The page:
Should we be scared of hidden messages in AI optical illusions?

Just when you think AI art couldn't get any more controversial, along comes a new scare story. Not content will stealing artists' work and then using it to steal their jobs, AI art is now going to brainwash us with subliminal messages hidden in optical illusions.

That's the fear, anyway. A trend for creating optical illusions using AI art generators has led some to worry that companies, politicians and other powers that be could use the technology to influence our thought and sell us their products (see our pick of the best AI art generators for examples of the tools they might be using).

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Some of the AI optical illusions we've seen recently have been slightly mesmerising, but some people are concerned that they could also be dangerous. "Many talk about the dangers of "AGI" taking over humans. But you should worry more about humans using AI to control other humans," Cocktail Peanut wrote in a post on Twitter, providing the example of the McDonald's logo embedded in an anime-style AI-generated illustration.

The first example wasn't very subtle. But Peanut followed up with less obvious optical illusions, all made using a Stable Diffusion-powered Hugging Face space called Diffusion Illusion HQ created by Angry PenguinPNG.

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The workflow for making the illusions, using Monster Labs QR Control Net, was apparently discovered by accident. The ControlNet technique allows users to specify inputs, for example specific images or words, to gain more control over AI image generations. Monster Labs' tool was created to allow QR codes to be used as input so the AI would generate usable but artistic QR codes as an output, but users discovered that it could also be used to hide patterns or words in AI-generated scenes.

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But for all the concerns about brainwashing, it's not the first time we've been here. There were similar scares about subliminal messages in television advertising and in films back in the day. An AI model can't do anything that wasn't already possible with VFX, CGI or even relatively simple Photoshop. It's just making it a lot easier and less expensive.

The fear seems to be that it will now be so cheap and easy, that nefarious parties will be seeking to influence us in every image. But I'm not convinced that's going to happen, mainly because it's not at all clear that hidden messages work.

It was a market researcher called James Vicary who claimed back in 1957 to have invented subliminal advertising by flashing imperceptible messages like 'Drink Coca-Cola' and 'Eat popcorn' to cinemagoers. The public was appalled and the technique was banned, but Vicary turned out to have lied about the results. The cinema where he conducted his experiment didn't see any rise in sales.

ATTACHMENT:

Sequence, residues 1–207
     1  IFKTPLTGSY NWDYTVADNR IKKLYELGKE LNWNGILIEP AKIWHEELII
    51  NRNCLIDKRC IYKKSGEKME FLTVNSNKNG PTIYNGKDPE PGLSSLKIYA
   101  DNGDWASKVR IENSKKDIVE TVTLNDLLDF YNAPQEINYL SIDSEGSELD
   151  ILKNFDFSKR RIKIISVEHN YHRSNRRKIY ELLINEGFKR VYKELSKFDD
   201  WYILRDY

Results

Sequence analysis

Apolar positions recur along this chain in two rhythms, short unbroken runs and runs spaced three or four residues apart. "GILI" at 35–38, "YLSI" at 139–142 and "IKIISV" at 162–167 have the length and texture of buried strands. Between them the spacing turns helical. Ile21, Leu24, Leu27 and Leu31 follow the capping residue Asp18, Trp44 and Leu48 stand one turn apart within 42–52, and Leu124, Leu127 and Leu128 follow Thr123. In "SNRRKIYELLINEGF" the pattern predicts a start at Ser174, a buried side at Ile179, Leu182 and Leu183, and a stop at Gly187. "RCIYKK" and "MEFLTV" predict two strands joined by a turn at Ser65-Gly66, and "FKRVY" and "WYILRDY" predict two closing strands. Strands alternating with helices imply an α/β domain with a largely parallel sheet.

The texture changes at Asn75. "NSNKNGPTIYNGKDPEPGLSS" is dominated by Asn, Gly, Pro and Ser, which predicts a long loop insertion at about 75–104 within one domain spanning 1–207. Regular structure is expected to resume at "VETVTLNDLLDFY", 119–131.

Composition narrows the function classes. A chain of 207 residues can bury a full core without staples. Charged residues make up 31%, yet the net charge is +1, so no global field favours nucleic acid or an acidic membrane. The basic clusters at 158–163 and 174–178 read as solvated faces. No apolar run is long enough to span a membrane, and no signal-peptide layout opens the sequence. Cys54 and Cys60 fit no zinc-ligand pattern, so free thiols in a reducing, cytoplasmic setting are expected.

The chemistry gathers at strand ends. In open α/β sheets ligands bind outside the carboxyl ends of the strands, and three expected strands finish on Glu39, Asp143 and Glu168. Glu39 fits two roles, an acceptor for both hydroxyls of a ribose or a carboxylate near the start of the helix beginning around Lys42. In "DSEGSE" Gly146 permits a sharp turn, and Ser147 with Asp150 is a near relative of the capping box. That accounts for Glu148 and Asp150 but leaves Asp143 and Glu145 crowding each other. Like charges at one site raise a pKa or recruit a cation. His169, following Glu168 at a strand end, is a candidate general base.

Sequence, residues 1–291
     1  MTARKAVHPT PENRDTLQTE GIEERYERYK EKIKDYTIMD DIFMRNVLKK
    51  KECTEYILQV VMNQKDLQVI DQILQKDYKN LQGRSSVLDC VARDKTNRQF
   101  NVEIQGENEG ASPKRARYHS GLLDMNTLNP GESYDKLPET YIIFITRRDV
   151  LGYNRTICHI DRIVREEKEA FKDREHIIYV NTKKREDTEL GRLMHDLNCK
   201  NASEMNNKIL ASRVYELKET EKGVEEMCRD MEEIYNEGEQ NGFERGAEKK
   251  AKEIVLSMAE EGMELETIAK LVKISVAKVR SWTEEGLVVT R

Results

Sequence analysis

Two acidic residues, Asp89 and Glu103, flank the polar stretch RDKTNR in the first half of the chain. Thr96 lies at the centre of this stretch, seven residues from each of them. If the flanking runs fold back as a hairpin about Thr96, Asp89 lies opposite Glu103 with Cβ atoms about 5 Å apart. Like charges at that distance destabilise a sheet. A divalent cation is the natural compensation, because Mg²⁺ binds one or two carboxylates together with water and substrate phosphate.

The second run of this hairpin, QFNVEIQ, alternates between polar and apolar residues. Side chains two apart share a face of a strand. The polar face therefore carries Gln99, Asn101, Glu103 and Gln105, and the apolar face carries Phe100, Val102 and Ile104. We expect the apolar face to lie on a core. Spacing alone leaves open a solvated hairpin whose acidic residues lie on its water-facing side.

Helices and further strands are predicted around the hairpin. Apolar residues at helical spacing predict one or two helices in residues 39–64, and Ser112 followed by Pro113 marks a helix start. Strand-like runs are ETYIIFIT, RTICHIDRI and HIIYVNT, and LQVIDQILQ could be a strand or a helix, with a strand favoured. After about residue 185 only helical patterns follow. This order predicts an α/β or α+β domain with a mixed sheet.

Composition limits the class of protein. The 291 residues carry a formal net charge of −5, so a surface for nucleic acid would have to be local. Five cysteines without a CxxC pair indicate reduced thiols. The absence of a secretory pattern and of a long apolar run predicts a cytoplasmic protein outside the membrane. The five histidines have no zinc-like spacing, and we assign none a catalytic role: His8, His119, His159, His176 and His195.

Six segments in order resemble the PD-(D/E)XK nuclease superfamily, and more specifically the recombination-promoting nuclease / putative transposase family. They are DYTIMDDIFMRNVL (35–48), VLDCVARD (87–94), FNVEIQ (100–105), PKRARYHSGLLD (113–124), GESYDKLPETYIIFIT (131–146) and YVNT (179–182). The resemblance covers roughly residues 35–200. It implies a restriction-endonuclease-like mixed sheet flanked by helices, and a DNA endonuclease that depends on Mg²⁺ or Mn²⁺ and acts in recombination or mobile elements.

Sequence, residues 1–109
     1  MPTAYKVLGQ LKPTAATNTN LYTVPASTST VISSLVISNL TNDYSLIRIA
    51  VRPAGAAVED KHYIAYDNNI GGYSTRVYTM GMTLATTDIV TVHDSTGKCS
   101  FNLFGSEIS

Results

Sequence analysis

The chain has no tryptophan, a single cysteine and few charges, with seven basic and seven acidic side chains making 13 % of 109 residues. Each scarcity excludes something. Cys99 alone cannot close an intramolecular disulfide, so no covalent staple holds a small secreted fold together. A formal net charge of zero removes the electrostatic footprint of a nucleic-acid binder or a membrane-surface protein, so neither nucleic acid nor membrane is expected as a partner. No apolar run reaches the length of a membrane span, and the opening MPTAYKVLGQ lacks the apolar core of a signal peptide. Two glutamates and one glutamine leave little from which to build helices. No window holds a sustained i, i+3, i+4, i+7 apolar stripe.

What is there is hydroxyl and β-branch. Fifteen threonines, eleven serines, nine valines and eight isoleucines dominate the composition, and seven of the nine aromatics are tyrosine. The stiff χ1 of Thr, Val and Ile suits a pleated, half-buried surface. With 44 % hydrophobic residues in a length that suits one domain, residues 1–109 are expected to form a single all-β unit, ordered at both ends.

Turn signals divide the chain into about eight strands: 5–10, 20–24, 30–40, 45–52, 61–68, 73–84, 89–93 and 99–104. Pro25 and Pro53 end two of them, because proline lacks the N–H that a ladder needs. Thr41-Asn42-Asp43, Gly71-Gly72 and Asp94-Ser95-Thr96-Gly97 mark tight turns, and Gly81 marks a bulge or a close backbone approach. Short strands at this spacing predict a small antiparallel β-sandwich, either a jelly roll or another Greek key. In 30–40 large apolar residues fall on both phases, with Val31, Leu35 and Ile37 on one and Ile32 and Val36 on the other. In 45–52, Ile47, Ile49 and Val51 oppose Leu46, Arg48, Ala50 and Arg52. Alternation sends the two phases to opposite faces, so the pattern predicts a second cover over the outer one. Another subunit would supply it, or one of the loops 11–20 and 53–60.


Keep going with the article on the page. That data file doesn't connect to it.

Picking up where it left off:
Since then, few experiments have explored the area. A 2005 study by researchers from Utrecht University and Radboud University did find some evidence that subliminal messages could impact an affinity for Lipton Ice among people who were already thirsty, but it was conducted in very controlled conditions not representative of the real world. 

Despite the enduring fear, subliminal messages aren't a technique that many brands nor anyone else seems to have taken a huge interest in. With the images being made using AI, people might see a McDonald's logo or they might not. But in either case, I don't think they're going to rush to order a Big Mac as a result (if you want to make your own to test it out, see our round up of AI art tutorials).

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Joseph Foley

Joe is a regular freelance journalist and editor at Creative Bloq. He writes news and features, updates buying guides and keeps track of the best equipment for creatives, from monitors to accessories and office supplies. A writer and translator, he also works as a project manager at London and Buenos Aires-based design, production and branding agency Hermana Creatives, where he manages a team of designers, photographers and video editors who specialise in producing photography, video content, graphic design and collaterals for the hospitality sector. He enjoys photography, particularly nature photography, wellness and he dances Argentine tango.